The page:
Most people would think that a logging crew harvesting in an area populated with kiwi is a disaster in the making, with the kiwi likely to suffer during the harvest process. But JPA Logging have dispelled that misconception by going above and beyond in their efforts to mitigate any harm to kiwi.
Logging crews live and die on being productive. They have to produce a set tonnage of logs every day to stay afloat. This is referred to as their target. To be able to ‘hit target’ everyday involves utilising every minute of the day to cut down trees, extract the trees, process them into logs, and load those logs onto trucks. It doesn’t matter how steep the terrain is, how atrocious the weather is, how short staffed they might be, or even if machinery breaks down, they still need to ‘hit target’. Throw an endangered species into the mix as well and ‘hitting target’ could become very complicated – unless you’re Justin Anderson and JPA Logging.
At the beginning of the Haupouri Station job, Save the Kiwi Eastern regional manager Tamsin Ward-Smith monitored and assessed where kiwi were in relation to the logging operations. This involved placing transmitters on as many kiwi as possible before harvesting commenced so that telemetry equipment could be used to ensure there were no kiwi in harm’s way when harvesting operations began. This was carried out on a daily pre-start basis.
To save Tamsin the 90-minute round trip at 5am every morning, Justin Anderson learnt to use the telemetry equipment so he could ‘beep’ the birds before his crew started work and if any birds were present Tamsin was called in to do any kiwi handling required. Only qualified kiwi handlers are allowed to handle kiwi.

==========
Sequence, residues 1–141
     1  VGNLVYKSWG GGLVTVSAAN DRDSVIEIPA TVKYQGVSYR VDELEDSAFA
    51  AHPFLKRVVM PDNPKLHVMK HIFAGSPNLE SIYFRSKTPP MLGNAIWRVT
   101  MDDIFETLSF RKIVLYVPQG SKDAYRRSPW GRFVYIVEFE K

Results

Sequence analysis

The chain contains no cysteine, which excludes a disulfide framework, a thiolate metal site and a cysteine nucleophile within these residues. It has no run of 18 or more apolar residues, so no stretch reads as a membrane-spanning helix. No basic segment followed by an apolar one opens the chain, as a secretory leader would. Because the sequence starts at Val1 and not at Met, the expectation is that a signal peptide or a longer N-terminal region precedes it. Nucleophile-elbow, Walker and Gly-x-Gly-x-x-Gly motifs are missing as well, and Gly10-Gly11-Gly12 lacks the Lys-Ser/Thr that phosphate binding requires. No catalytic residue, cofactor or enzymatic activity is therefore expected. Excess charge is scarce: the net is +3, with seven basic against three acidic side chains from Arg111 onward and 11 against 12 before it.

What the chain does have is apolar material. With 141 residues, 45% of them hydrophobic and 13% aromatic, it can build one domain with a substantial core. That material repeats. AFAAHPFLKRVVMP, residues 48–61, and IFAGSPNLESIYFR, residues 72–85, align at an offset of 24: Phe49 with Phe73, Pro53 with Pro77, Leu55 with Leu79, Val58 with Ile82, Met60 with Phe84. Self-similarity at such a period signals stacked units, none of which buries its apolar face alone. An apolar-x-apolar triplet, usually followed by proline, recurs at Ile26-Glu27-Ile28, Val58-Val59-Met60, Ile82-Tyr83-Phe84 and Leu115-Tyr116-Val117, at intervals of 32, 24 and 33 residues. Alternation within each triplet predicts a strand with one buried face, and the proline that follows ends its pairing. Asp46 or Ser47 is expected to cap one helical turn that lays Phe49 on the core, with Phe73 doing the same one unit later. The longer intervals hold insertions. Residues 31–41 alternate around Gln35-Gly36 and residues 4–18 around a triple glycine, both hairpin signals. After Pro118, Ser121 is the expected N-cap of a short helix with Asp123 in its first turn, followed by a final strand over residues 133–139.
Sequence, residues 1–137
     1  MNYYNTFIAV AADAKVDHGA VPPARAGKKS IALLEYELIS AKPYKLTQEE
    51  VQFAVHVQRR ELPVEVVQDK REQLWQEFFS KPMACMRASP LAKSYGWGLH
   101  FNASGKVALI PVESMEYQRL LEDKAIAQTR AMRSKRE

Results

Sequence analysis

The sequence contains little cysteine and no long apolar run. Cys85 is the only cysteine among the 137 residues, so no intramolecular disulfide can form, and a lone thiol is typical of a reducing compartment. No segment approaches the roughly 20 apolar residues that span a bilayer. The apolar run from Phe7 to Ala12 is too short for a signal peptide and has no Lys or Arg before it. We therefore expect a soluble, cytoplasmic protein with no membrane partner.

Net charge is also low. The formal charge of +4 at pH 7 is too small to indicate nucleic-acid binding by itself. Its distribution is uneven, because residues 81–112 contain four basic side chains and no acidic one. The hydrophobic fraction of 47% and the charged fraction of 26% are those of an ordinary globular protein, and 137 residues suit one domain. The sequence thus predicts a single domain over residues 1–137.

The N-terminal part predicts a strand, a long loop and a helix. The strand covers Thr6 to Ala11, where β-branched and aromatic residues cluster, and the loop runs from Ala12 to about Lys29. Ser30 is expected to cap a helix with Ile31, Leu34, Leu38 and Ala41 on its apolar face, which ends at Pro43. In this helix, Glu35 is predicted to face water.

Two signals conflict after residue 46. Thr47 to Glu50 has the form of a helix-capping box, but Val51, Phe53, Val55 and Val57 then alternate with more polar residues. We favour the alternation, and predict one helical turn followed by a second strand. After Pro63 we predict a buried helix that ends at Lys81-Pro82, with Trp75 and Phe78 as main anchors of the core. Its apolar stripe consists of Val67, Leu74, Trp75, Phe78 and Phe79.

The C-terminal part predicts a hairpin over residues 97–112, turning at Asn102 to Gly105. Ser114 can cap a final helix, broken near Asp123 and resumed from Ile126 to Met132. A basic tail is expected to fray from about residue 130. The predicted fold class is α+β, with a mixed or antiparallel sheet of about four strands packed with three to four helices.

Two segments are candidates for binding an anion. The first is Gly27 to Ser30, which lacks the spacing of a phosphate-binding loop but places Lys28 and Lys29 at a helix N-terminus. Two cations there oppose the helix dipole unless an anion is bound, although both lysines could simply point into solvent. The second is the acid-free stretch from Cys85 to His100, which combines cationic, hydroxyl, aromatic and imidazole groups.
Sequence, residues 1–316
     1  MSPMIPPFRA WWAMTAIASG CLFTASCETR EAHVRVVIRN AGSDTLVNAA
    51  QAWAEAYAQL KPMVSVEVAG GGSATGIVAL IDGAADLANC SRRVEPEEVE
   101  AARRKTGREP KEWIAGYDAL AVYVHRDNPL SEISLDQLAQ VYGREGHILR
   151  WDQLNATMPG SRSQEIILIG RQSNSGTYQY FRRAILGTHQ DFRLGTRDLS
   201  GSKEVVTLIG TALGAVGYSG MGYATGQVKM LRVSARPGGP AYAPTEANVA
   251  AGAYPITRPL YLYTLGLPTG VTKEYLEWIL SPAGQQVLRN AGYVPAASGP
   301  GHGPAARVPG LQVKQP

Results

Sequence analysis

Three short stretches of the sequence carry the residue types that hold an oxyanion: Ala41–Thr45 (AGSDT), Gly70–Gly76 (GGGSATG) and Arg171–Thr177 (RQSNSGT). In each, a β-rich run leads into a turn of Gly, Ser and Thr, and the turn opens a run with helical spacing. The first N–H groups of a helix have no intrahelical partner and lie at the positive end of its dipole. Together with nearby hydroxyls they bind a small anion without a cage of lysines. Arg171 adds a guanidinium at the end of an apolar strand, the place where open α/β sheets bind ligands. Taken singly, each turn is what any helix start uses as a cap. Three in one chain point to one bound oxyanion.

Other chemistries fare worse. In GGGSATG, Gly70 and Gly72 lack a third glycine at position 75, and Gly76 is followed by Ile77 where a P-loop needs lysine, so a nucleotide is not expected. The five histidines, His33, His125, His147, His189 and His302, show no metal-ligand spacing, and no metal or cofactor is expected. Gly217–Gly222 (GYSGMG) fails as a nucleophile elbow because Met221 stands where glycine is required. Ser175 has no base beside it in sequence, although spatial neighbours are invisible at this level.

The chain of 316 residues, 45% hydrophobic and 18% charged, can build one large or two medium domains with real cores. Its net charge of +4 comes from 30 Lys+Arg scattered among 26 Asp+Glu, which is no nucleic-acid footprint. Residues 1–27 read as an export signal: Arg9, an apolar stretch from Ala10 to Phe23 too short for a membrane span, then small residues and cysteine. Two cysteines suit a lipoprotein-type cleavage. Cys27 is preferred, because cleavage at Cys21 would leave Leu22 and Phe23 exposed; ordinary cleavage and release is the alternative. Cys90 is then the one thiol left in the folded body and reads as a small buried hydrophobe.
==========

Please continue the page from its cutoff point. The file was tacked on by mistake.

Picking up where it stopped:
In 2005 the Hansen family and staff, together with the Lowe and Robertson families, the other two landowners of Cape Sanctuary, spent eight months building a predator-proof perimeter fence which runs from Ocean Beach to Clifton and forms the 2,500-hectare area of land Cape Sanctuary operates. This saw just over 800 hectares of Haupouri land being fenced off as part of a predator-free, mixed land use format.
Jono Berry’s family farm Haupouri station and was very happy with the way the JPA crew harvested the high-density kiwi habitat. “Haupouri Station has been in the family since 1860, and we are proudly the 8th generation to farm the land,” Jono says. “Our land makes up 10% of the Sanctuary but we’re proud of the small contribution we continue to make with this rugged area of the farm. Our gullies are full of native regenerating shrub which appears to be a thriving habitat for the kiwi.
Source: John Turkington, savethekiwi